January 22, 2004
Paul Lapierre, of the Canadian AIDS Society, said the disease's prevalence among older people, younger women, aboriginals and intravenous drug users reflects the growth and complexity of the epidemic. "Clearly, we have to do a better job of targeting our message," he said.
Lapierre said older Canadians with HIV/AIDS are difficult to reach because of taboos about talking about sex, attitudes toward condom use, and reluctance to get tested. Thomas stressed that contrary to popular belief, Viagra and its new competitor, Cialis, are not used solely by older men. The drugs, he said, have become part of the rave scene, and he noted dramatic rises in chlamydia, gonorrhea, syphilis and herpes in recent years at his STD clinic.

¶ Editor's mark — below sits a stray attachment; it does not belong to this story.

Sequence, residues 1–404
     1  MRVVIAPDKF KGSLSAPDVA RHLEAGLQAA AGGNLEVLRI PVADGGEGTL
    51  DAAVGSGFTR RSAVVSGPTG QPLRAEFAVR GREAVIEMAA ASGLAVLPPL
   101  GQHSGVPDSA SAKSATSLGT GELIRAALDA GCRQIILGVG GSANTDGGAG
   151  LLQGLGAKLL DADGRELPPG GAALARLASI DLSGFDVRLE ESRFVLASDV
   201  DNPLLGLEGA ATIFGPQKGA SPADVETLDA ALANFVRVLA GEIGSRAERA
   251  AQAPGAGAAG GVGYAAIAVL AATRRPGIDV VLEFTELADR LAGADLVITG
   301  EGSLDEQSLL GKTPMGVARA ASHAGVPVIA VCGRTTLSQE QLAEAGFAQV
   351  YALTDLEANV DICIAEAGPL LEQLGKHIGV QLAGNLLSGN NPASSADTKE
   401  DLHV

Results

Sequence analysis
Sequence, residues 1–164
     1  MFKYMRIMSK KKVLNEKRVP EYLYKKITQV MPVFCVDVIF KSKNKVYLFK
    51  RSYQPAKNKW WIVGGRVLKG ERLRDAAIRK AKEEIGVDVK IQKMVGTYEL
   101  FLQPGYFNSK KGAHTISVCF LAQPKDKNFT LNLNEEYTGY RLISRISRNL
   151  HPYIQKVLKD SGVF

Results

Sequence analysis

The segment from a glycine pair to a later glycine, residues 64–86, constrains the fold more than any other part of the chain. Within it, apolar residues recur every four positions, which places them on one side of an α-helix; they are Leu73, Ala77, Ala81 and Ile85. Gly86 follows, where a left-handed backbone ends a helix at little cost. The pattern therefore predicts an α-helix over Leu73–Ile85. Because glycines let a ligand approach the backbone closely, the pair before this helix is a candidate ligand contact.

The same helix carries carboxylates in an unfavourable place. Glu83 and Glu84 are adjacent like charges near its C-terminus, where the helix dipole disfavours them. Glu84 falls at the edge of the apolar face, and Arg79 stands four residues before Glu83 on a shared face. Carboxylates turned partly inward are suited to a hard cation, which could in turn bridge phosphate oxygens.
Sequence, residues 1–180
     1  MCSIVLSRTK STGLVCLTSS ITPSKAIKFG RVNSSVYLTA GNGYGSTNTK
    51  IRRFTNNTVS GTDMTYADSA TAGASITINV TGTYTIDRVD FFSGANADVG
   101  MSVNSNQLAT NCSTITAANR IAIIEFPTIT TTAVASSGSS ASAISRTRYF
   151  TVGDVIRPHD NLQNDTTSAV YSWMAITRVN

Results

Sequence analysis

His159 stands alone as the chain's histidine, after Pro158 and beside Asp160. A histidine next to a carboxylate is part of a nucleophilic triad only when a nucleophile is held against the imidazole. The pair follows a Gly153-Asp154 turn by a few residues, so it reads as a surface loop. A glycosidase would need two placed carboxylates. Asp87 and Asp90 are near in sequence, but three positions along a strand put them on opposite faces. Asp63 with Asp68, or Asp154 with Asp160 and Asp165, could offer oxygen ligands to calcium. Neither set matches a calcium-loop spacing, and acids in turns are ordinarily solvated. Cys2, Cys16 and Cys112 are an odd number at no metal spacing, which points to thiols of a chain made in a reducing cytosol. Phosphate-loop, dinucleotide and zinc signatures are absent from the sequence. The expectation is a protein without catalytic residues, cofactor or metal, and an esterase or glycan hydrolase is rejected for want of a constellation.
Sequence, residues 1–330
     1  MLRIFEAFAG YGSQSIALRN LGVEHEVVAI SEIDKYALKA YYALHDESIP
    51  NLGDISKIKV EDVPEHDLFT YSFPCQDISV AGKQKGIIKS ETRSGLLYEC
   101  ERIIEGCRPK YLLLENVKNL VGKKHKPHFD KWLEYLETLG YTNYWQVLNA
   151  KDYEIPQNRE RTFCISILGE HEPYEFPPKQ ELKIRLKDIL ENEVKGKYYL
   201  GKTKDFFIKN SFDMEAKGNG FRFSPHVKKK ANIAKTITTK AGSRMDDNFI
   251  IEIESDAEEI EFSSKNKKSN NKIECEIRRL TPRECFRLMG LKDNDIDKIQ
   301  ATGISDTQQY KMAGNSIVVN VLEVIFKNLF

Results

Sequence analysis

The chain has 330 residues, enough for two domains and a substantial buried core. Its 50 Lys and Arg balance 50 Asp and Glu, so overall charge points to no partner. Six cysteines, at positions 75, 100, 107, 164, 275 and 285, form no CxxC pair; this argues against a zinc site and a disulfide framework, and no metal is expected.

Dr. Jeffrey Klausner, head of STD prevention and control for the San Francisco Department of Public Health, published a study, "Increased Risk of HIV and Sexually Transmitted Disease Transmission Among Gay or Bisexual Men Who Use Viagra, San Francisco 2000-2001" in AIDS (2002;16(10):1425-1428), showing that Viagra users had about 35 percent more sexual partners and 35 percent more STDs than non-users. The average age of users was 32.
Globe and Mail
01.12.04; André Picard
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